The great music historian Donald J. Grout, in his magnum opus A History of Western Music, framed this concept in very vivid terms. He observed that “reconciliation of the new with the traditional is the task that confronts every artist in his own generation, and one that can be avoided only at the price of artistic suicide.” Grout’s comments are directed at purely musical issues during the transition between the late Renaissance and the early Baroque. However, the parallels to the issue of “decolonization” are unmistakable.

In order to adequately and effectively “decolonize” music, we must become “reconcilers” or, to use a musical term, “harmonizers.” We must reconcile the new with the traditional, affirming the “both/and” and dismissing the “either/or.” We should not let our traditions swallow up the new, but we should not allow the new to swallow up our traditions. Both the new and the traditional are vital to a healthy state of musical and cultural affairs. We must maintain a creative tension between our traditions on the one hand, and the new on the other.

Our greatest and most immediate challenge will be how we deal with technology. As we all know, the digital age is upon us, utterly transforming all of society with a new cyber-reality.

One of the gurus of contemporary thought is Nicholas Negroponte, a professor and founder of the Media Lab at the Massachusetts Institute of Technology. Negroponte describes the technological revolution in terms of a shift from atoms to bits; that is, a shift from the importance of material objects to the supremacy of digital information. All of life, music included, is in the process of digital transformation. Hence, the description by Swedish composer and acting CEO of the Swedish performing rights society Alfons Karabuda of the newest form of conquering “space.” Not the kind of “space” associated with Star Trek and its motto “To boldly go where no man has gone before,” but the infinite space of the internet and, as Alfons described it, “digital colonization.” The conquering of digital space has shifted colonization from countries to companies. In the past, it was countries like Britain, France, and Spain who amassed land colonies across the world. Today it is companies like Apple, Google, and YouTube (which is owned by Google) who are the great colonizers of digital space, especially in music.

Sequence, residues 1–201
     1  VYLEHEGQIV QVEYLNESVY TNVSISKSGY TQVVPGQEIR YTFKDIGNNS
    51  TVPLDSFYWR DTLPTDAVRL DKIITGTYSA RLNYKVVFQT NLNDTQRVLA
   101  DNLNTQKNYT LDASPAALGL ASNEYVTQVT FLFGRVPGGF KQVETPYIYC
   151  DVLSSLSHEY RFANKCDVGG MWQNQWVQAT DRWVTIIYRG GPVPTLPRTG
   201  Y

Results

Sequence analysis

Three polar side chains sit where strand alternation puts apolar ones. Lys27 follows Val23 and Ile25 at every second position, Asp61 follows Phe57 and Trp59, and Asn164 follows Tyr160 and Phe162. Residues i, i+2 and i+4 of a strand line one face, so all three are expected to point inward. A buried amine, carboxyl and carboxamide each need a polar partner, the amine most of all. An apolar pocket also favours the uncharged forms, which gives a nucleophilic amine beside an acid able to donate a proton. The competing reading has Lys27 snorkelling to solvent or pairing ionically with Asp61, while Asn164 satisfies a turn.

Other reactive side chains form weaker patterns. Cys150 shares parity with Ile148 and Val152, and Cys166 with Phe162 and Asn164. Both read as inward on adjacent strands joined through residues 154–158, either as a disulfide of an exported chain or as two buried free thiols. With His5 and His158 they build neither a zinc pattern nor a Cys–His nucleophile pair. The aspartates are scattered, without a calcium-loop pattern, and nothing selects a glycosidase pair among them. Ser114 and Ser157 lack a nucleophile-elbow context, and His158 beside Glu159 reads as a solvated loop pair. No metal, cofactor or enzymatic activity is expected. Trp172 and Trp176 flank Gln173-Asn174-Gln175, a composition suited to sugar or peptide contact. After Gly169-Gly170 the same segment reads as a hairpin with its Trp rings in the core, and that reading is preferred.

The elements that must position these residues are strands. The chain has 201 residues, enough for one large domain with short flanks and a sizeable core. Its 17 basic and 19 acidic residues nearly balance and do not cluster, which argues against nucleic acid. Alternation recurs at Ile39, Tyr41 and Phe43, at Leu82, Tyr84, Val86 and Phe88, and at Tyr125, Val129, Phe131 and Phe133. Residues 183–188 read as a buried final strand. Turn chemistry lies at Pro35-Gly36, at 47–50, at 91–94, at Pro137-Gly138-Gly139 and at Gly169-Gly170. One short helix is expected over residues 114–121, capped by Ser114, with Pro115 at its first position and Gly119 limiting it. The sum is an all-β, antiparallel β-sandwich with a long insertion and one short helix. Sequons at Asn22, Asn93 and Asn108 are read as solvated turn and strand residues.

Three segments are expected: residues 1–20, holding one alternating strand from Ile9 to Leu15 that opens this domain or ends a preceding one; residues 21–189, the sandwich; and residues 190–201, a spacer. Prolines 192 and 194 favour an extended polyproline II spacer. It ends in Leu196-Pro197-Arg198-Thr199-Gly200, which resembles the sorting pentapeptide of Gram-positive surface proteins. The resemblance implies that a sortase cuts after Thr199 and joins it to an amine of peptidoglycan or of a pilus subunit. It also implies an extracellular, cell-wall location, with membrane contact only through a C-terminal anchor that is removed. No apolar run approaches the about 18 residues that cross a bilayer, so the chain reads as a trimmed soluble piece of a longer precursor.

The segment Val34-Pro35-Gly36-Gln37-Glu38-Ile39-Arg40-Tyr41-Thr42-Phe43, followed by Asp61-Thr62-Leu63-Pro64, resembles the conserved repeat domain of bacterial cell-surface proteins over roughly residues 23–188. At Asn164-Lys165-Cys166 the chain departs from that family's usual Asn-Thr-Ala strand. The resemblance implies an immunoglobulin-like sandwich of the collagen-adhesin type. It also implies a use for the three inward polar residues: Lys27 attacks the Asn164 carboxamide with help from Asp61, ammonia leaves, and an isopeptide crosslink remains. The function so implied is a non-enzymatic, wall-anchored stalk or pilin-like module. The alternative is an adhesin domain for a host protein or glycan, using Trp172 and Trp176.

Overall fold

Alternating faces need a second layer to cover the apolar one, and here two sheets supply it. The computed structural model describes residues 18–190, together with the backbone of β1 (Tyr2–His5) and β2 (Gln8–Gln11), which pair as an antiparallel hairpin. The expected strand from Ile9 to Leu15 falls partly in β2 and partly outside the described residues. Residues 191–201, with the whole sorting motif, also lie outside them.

In the past, it was countries like Britain, France, and Spain who amassed land colonies across the world. Today it is companies like Apple, Google, and YouTube (which is owned by Google) who are the great colonizers of digital space, especially in music.

Yes, technology is the driving force today. Technological innovations have changed the way we work and live and think. We cannot imagine our lives without computers or the internet. But neither can we imagine life, especially musical life, without personal interactions, human conversation, or, for that matter and very important for me, music studios without a living, breathing teacher.

Prominent technology essayist and literary critic Sven Birkerts warns, “I would urge that we not fall all over ourselves in our haste to filter all of our experiences through circuitry.” Otherwise, he says, the end result of cyber-reality may well be loss of meaning under a tide of endless information and computer bytes.

I know this was a long diversion into technology. But I believe it is central to our ability to be reconcilers. Technology and the internet open up all sorts of possibilities for “decolonized” indigenous music to be heard, experienced, and enjoyed by more people than ever thought possible. But at the same time, it presents a potent tool for “digital colonization” by the companies who control who and what gets heard and whose only motive is profit from the popular.

So, what is the point of all of this talk of decolonization and reconciliation? The point is that it is up to each of us individually and all of us collectively to ensure that both indigenous music as well as popular music flourishes. As individuals, we must adopt the decolonized reconciler mindset. More importantly, we must unify our message through the music organizations that represent us in each of our own countries, as well as around the world.